His point of view is cinema is something different than a book. He was creating a visual, audio world, not words on a page. His philosophy is a movie just can’t be conversation conversation conversation. It needs to be image image image. Only if you can’t express that idea through images, that’s when you speak.

The first half hour or so of “The Holy Mountain” has no words.

But you understand everything. You understand that weird world and it makes sense, in some way.

The film is fuzzy about how long his “Dune” would have run. Any guesstimates?

Probably between two and 20 hours. [Laughs] People thought he was crazy, but he was on the right path. Today people are looking for longer stories. That’s why you have multiple “Spider-Man”s, “The Hunger Games,” nine “Harry Potter” movies. They want long stories, they want long TV series. A series comes out on Netflix and you sit there for 20 hours and watch the whole thing. They’re not looking for short drops in the bucket. They say people have short attention spans, but it’s not true. [Jodorowsky] was really ahead of his time with long stories.

David Lynch’s 1984 film really runs into problems trying to cram it all into two hours and change. The second half is a bloodbath of montages that make little sense.

When his film was out you’d walk into the theater and you’d be handed a glossary page, so you could read that in a dark theater and try and make sense of what’s on screen. Maybe had he been allowed to make a 12 hour or 20 hours version, you wouldn’t have needed that.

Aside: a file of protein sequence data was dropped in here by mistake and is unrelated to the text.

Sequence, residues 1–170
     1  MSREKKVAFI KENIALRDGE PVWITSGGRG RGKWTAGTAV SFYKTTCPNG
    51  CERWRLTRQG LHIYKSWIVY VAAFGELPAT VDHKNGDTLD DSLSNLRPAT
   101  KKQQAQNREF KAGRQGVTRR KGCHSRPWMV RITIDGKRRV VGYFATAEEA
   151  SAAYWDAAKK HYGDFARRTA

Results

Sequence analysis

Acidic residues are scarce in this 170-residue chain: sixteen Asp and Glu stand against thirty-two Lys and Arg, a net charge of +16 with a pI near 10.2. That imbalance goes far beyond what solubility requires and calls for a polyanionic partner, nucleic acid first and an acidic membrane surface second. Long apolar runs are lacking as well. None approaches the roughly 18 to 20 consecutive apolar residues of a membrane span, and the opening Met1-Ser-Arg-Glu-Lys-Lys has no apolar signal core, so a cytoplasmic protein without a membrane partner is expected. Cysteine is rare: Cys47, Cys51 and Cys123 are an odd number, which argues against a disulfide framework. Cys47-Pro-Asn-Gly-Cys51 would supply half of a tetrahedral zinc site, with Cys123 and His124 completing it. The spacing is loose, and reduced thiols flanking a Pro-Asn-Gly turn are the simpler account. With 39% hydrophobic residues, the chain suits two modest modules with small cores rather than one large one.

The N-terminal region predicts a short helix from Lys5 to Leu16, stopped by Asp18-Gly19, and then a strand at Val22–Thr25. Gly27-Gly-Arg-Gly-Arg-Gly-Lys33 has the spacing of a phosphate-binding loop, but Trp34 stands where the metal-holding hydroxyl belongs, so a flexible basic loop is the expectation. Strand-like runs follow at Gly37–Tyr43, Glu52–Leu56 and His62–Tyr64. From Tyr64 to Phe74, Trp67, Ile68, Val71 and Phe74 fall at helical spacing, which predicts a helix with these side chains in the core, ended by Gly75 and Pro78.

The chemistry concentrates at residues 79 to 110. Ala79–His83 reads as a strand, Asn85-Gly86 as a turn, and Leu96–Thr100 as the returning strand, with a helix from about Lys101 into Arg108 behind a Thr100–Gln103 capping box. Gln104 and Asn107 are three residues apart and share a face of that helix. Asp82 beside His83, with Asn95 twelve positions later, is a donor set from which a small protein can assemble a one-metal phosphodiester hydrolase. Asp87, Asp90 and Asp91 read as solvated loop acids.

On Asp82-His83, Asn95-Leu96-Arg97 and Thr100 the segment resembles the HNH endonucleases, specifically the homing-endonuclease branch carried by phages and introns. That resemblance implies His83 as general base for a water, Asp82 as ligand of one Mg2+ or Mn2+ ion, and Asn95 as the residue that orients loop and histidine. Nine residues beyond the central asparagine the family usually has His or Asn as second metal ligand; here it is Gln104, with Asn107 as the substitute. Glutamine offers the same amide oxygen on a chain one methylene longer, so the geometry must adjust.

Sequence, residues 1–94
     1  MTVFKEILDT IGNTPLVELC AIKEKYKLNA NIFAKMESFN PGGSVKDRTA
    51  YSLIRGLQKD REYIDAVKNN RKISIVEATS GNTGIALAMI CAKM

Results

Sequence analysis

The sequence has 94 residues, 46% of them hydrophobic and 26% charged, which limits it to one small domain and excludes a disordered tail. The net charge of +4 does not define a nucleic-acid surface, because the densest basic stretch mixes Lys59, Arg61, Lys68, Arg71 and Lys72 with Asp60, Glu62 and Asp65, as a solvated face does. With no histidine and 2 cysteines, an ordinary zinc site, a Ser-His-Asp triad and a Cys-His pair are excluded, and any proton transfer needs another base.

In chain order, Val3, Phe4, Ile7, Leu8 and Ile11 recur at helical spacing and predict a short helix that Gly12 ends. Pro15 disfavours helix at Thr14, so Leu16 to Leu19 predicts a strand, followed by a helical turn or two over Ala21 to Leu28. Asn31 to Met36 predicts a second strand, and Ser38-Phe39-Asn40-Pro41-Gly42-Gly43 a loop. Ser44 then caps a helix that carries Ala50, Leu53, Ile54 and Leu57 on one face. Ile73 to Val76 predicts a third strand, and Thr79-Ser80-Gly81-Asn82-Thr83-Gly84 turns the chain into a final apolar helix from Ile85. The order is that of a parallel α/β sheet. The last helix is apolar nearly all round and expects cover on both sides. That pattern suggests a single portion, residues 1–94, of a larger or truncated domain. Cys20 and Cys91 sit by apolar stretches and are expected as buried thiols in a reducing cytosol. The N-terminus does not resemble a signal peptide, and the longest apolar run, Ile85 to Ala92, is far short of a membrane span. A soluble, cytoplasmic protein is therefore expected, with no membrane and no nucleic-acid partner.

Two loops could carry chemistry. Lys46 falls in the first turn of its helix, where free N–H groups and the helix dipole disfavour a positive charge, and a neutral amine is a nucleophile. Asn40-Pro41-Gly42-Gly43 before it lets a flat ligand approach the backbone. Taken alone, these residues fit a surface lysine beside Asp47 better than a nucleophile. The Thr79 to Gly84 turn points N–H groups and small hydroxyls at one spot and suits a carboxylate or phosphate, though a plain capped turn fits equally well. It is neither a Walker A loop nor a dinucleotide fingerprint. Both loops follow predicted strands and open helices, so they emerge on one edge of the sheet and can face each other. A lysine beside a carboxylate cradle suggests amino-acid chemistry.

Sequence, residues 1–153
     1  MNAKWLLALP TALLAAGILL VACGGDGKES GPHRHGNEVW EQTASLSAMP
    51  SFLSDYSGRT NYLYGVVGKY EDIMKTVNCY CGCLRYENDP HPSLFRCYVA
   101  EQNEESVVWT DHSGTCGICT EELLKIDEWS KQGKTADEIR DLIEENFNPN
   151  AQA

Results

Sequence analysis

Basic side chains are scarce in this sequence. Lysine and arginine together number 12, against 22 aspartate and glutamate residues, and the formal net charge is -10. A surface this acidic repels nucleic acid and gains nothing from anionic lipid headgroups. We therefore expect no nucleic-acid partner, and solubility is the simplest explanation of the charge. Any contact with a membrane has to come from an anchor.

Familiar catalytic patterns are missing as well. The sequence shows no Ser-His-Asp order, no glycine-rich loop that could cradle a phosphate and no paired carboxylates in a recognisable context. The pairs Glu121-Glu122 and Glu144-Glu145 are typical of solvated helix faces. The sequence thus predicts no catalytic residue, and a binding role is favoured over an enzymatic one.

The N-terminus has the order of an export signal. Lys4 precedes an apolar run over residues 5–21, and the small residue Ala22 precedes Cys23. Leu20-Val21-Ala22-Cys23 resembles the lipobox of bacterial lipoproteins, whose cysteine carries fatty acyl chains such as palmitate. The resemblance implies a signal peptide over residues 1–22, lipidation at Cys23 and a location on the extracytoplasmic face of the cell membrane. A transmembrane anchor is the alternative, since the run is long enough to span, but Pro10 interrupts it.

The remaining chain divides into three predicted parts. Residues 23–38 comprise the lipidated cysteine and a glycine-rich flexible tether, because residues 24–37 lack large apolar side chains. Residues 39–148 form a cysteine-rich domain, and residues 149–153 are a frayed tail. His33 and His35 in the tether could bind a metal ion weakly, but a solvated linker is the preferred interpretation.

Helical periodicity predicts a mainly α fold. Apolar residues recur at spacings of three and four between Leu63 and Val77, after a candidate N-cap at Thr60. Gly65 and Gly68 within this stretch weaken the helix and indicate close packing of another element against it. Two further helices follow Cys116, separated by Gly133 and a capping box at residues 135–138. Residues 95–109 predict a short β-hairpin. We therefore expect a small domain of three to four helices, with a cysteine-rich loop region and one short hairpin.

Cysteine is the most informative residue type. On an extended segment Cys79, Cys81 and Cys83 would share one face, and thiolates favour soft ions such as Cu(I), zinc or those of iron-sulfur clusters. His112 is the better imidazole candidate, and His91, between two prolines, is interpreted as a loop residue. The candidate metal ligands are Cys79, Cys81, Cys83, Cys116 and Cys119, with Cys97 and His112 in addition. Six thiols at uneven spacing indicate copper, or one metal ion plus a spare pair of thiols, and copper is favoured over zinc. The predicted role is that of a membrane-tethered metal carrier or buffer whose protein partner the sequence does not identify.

It’s odd that Jodorowsky was considered to odd to make “Dune.” And then David Lynch winds up making it instead. And then the try to make this dense, challenging, progressive novel into the next “Star Wars.”

They made Paul Atreides action figures and Topps trading cards for kids. This is not a kid’s movie. [Laughs] When it came out my mother wound not let us see it. I wanted to see it as a child, and my mothers said, “No, you are not to go to that movie.”

Your film seems like it’s trying to give Jodorowsky’s “Dune” a second life of a sort. Where could it go?

There’s a filmmaker who was furious and jealous that [Nicolas Winding] Refn had received personal “viewing” of “Dune” with Jodorowsky. He was like, “I’m coming to your house. I want my ‘viewing’ of ‘Dune.’” And he went to his house and told him he wanted to make the animated version. So we’ll see if that happens.